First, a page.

MARIETTA — After an uproar erupted on social media, the city of Marietta has apologized to a Williamson Bros. Bar-B-Q manager and told her the restaurant is welcome to fly flags expressing support for the military — just in time for the July 4 holiday.
Before the Roswell Road restaurant opened Wednesday morning, a code enforcement officer cited the eatery for flying non-governmental flags and said they must be taken down within 48 hours, General Manager Michelle Jehlen said.
The two flags in question were one bearing a POW-MIA logo and another with the insignias of America’s armed forces above the motto “We Support Our Troops”
“So we did take them down — we didn’t want the fine,” Jehlen said.
But because the flags have been flying in front of the restaurant every day for years and managers didn’t want customers to think they had taken them down just ahead of the July 4 holiday without good reason, they posted the citation on their Twitter and Facebook pages.
And that got everybody’s attention.
“It just blew up,” Jehlen said. “It went crazy.”Video below is courtesy of our news partner Fox 5 Atlanta
News of the incident spread across the Internet, and patrons who asked where the flags had gone were shown where they were on display inside the restaurant — with the city’s warning hanging firmly between them.
“All the customers asked us last night and this morning (why the flags were down),” Jehlen said Thursday.
On Thursday morning, Brian Binzer, Marietta’s director of development services, went to the restaurant and apologized, telling Jehlen she was welcome to fly the two flags.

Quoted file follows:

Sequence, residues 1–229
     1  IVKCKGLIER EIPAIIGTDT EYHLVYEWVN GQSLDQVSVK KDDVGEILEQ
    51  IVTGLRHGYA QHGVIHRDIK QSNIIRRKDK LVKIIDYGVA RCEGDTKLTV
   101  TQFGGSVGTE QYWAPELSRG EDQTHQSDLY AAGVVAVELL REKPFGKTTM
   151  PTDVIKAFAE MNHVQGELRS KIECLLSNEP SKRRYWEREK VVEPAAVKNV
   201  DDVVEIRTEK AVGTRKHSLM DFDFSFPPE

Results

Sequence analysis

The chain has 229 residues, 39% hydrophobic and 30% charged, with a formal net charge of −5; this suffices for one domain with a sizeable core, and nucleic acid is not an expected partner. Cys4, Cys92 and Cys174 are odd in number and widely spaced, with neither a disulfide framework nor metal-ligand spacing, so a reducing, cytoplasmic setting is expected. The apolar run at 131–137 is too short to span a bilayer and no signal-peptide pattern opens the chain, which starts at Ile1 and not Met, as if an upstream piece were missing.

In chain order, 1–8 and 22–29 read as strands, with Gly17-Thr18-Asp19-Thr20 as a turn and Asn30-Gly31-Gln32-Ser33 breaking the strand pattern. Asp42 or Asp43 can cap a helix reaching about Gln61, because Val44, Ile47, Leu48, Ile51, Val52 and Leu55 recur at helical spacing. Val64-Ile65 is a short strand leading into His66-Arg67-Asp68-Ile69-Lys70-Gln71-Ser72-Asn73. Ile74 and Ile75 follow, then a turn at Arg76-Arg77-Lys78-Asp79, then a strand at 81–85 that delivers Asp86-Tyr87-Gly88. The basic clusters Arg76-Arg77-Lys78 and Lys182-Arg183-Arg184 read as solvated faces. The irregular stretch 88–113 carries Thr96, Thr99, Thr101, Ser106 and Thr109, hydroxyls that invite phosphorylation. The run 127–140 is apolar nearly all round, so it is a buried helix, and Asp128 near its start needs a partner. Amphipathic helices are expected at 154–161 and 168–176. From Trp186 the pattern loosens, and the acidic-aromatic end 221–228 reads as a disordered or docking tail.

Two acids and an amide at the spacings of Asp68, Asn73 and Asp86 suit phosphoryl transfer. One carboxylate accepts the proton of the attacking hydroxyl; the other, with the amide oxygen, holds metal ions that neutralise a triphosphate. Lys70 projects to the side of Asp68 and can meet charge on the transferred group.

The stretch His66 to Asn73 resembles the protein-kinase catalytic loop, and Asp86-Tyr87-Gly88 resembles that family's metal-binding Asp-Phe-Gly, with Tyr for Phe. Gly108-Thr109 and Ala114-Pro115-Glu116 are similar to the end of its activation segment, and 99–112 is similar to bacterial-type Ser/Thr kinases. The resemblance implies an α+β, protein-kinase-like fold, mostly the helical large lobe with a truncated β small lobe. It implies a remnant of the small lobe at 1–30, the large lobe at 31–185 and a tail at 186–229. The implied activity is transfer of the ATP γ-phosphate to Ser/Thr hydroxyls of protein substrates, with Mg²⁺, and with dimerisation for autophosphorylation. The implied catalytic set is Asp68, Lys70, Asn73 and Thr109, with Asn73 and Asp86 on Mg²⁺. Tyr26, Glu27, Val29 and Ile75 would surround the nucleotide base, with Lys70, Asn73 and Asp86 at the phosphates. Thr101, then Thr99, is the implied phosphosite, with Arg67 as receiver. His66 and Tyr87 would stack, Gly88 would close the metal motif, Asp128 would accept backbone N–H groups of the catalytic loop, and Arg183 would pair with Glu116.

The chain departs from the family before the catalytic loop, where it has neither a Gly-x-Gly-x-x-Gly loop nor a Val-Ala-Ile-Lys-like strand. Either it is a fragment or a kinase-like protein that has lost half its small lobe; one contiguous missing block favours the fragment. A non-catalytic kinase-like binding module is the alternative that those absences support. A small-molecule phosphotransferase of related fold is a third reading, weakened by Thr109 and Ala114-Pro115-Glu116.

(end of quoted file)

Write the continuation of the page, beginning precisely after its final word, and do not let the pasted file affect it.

Binzer told the Journal that the code inspector who issued the warning couldn’t read the flags because the wind was not blowing at the time and had assumed they were advertisements for the business.
It is not city policy to cite a business for unauthorized flags without seeing the flags themselves, he said.
“Code inspectors customarily do not issue warnings based on assumptions and we are in the process of reviewing this matter internally,” Binzer said. “Part of this process is to see if procedures were followed or not and how we can improve the process to prevent a similar incident from happening again.”
Binzer would not reveal the identity of the code inspector.
Jehlen said the flag flap couldn’t have come at a worse time.
“It’s our busiest week of the year. It’s horrible timing on their part,” she said. “We’ve always supported the troops. (Restaurant founders) Danny and Larry Williamson support the community as a whole, but absolutely the military. So for anyone to ask us to take them down seems absurd.”
Flags have had a rough time in Marietta in recent years. In 2007, the city made national headlines when then-mayor Bill Dunaway initially told local members of Veterans of Foreign Wars that they could not hand out miniature flags during the city’s annual Fourth of July parade, citing a policy stating “Absolutely no distribution/throwing of candy or other materials during the parade — this is a safety issue and will be strictly enforced.”
Dunaway relented the weekend before the parade, saying no veterans would be arrested for handing out American flags.
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